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‘The Role of the Deacon’s Wife Is as Unique as the Women Who Fill That Role’


Kathy Petersen

Wife of Deacon Aaron Petersen, St. Anthony of Padua Parish in Hillsdale

I attended Hillsdale College, where I met my husband Aaron and received a bachelor’s degree in biology in 1995. I received a BS in nursing at St. Mary’s College in Notre Dame, Indiana, in 1996. My nursing career over the last 26 years has included obstetrics, NICU, education and informatics. I recently returned to school and completed a master of science in nursing with family nurse practitioner certification. I am currently working as a nurse practitioner in a busy pediatric practice in Hillsdale. I am also a member of the Steering Committee for the Diocese of Lansing Council of Catholic Nurses.

My husband and I were married in 1996, and have eight children and two grandchildren.

The role of the deacon’s wife is as unique as the women who fill that role. My participation as a deacon’s wife has changed over the years as our family has evolved. As our children have become older, I have had the opportunity to participate in a more active role in ministry. Aaron and I have given talks on marriage and family, and we recently ran a retreat on vocations and mission. I often attend meetings and weddings of the couples he counsels prior to marriage. We try to make connections with younger couples and families through gatherings and hospitality.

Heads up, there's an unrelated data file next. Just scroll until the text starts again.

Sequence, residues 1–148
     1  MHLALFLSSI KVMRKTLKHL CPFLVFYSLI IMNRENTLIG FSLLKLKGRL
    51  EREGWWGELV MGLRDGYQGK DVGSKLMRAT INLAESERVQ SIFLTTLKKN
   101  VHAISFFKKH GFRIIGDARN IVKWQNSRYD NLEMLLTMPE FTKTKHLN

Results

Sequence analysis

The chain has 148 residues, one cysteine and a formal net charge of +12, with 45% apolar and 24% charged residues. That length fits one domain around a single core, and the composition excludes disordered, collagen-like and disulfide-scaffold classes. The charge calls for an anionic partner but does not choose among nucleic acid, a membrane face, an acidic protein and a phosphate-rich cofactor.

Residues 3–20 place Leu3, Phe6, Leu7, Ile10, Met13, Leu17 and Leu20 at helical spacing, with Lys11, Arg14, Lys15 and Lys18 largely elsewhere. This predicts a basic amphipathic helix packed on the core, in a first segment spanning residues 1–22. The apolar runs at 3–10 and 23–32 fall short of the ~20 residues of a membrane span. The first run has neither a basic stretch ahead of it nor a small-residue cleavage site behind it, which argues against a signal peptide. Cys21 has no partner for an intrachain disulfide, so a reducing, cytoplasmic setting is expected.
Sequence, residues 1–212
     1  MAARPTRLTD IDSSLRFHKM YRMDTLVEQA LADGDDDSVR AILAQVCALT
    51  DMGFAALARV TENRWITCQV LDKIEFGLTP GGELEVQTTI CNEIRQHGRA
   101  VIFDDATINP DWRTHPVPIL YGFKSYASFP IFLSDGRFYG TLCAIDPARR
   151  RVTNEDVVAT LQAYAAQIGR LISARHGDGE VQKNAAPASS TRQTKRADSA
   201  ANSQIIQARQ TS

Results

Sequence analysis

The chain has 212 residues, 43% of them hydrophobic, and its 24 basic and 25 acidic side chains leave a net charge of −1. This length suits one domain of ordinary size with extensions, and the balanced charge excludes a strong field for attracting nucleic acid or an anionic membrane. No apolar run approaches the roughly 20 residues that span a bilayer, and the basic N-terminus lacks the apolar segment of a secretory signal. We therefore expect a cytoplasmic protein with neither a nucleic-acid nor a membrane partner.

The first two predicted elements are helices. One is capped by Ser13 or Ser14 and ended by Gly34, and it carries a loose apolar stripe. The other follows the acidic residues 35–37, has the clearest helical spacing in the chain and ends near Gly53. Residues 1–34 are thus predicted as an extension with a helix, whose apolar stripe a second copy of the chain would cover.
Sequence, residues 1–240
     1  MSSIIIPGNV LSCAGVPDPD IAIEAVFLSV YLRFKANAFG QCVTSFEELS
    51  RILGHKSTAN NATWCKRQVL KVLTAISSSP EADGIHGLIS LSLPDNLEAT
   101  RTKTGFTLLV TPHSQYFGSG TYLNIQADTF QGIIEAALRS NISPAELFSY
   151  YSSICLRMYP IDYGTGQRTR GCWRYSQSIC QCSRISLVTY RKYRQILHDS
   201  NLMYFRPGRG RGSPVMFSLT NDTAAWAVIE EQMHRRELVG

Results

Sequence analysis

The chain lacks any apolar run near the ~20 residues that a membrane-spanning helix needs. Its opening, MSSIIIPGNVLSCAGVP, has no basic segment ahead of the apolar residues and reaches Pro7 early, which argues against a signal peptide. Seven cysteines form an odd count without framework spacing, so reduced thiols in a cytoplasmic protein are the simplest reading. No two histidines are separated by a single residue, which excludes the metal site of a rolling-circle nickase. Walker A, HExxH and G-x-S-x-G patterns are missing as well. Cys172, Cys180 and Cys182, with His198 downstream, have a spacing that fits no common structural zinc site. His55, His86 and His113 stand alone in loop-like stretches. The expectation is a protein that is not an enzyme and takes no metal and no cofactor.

My position at The Pediatric Place gives me the opportunity to interact with young women and young mothers frequently, and I pray that I am setting a good example of a faithful Catholic wife and mother.

My commitment to my vocations, as wife, mother, nurse practitioner and deacon’s wife, is strengthened by the rosary and my core group of best friends who have been praying with me for the last 16 years. I find the most comfort and strength in the joyful mysteries, as they speak to accepting my vocation and finding friends to pray with me along the way. The graces received from praying the rosary have been timely and abundant.

Linda Blondin

Wife of Deacon Larry Blondin, St. John the Evangelist Parish in Fenton

I grew up in a family that fostered my love of God and the practice of my Catholic faith. Larry and I have been married for 46 years. We have been blessed with four children, their spouses and 14 grandchildren. After working in health care for over 20 years, I retired when the Lord placed a desire in my heart to spend more of my time helping others draw close to him. This led me to involvement in various ministries at my parish and eventually to pursue training in spiritual direction and inner healing prayer ministry. These days, I spend my time providing individual spiritual direction and facilitating spiritual formation courses and inner healing prayer sessions.